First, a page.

We offer standard tension, standard compression, hollow tension/compression and many other types of load cells for your convenience of choice. Each of our load cells is designed to meet ASTM specifications and our customers' requirements to further ensure the exact product for you! All of our products are put through extensive testing before leaving our state of the art facilities to ensure the best products possible. To learn more visit our website today!

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ARTICLES AND PRESS RELEASES

ATI Industrial Automation to Break Ground on Operations Expansion, Creating 275 New Jobs

APEX, N.C. April 13, 2017 -- ATI Industrial Automation will break ground on the expansion of its corporate and manufacturing headquarters in Apex, NC, on Friday, April 21, at 4:00 PM. This expansion-the largest in ATI's 28-year history-will increase the size of its Apex facility to 185,000 square feet. "Global demand for our robotic end-effectors continues to grow," said ATI Chairman Keith Morris. "This latest major expansion, our second in just four years, will help us to meet the growing needs of our worldwide client base."   ATI formed in... Read More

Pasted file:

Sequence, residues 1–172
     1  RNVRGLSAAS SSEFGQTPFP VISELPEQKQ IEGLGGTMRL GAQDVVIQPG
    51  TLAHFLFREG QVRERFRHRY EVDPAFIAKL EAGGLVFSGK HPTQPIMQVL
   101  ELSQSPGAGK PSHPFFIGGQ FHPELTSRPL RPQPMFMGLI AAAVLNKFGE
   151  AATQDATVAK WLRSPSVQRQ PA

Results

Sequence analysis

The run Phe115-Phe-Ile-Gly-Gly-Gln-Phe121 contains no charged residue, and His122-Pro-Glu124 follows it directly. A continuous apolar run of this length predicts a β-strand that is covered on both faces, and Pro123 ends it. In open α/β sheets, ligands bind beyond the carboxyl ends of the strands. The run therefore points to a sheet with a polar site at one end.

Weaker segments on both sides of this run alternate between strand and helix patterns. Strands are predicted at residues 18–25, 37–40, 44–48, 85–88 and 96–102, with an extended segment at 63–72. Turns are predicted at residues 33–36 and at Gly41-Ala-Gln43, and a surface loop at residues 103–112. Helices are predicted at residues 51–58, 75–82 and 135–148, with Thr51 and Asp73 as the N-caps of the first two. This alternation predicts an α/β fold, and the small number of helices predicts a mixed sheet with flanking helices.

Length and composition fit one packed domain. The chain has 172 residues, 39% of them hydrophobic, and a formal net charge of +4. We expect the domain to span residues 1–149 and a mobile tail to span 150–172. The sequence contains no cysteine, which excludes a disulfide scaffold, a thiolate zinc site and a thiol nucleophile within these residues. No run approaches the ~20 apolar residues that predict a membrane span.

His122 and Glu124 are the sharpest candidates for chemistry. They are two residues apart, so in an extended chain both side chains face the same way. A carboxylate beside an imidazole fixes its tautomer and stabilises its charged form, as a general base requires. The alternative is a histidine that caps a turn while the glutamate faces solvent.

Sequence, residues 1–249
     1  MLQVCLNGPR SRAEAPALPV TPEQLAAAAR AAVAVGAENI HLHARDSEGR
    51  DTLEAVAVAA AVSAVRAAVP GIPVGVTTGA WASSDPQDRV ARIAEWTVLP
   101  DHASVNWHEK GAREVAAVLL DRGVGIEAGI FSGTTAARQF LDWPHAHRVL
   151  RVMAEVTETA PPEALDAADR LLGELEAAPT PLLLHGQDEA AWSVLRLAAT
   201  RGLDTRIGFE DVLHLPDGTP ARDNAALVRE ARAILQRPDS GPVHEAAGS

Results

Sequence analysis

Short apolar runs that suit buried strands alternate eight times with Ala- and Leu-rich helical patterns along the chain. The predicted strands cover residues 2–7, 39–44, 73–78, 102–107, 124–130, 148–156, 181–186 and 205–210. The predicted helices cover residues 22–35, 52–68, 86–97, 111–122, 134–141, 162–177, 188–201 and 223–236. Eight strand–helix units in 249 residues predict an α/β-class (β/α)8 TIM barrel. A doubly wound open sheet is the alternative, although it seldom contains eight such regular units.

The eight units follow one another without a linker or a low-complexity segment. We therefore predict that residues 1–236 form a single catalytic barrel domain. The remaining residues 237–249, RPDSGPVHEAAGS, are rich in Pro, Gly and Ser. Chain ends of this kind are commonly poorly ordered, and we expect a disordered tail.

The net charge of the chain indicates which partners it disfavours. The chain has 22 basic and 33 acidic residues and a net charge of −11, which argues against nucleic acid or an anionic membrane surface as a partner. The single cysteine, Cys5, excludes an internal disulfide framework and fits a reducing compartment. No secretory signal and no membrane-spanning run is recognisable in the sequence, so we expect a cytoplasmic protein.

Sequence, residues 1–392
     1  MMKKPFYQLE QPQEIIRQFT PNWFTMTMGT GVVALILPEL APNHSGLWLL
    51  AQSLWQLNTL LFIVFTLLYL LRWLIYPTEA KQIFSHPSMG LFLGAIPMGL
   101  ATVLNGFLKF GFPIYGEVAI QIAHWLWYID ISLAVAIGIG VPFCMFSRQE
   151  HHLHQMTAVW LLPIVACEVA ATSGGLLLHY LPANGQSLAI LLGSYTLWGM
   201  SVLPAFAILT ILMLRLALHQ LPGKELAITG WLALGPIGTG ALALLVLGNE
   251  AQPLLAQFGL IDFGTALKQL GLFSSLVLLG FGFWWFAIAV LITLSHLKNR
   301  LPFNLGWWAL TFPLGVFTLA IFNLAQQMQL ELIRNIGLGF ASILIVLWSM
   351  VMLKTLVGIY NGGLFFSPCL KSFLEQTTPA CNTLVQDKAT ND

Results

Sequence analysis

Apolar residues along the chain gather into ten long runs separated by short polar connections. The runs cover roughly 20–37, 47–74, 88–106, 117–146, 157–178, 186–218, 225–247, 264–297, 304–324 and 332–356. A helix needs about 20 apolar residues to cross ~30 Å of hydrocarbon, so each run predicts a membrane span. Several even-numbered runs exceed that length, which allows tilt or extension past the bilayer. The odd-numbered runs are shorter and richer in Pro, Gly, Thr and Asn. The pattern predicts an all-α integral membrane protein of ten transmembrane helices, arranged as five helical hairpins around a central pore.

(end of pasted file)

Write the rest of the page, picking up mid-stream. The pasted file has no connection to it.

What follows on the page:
businessIndustry Information

Torque Sensor

Torque sensors measure the rotary movement of a force or system of forces that cause rotation in an engine. They gauge the torque transferred along the drive-line axis at the place where the sensor is positioned. These sensors measure torque by either sensing the shaft deflection caused by a twisting force or by sensing the effects that the deflection causes.